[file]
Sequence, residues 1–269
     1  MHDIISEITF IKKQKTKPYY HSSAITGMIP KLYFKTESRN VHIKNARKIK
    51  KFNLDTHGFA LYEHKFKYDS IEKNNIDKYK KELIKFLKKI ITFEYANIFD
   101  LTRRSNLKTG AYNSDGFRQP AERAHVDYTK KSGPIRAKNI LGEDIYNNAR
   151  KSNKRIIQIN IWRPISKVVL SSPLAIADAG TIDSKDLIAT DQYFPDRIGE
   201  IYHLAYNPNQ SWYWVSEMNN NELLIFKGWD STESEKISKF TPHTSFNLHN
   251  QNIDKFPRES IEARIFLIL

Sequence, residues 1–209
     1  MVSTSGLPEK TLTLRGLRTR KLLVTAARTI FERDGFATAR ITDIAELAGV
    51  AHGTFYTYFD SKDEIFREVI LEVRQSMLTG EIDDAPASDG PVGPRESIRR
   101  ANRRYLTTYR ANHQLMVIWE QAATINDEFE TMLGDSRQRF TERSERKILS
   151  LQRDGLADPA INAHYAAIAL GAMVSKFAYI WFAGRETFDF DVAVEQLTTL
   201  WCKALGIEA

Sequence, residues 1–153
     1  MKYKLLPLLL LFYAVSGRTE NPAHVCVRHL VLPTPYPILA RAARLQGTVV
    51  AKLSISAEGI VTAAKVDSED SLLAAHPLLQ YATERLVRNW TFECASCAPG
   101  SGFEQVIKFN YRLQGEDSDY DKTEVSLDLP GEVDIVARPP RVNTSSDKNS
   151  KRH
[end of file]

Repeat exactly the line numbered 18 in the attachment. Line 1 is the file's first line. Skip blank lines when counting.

   151  KRH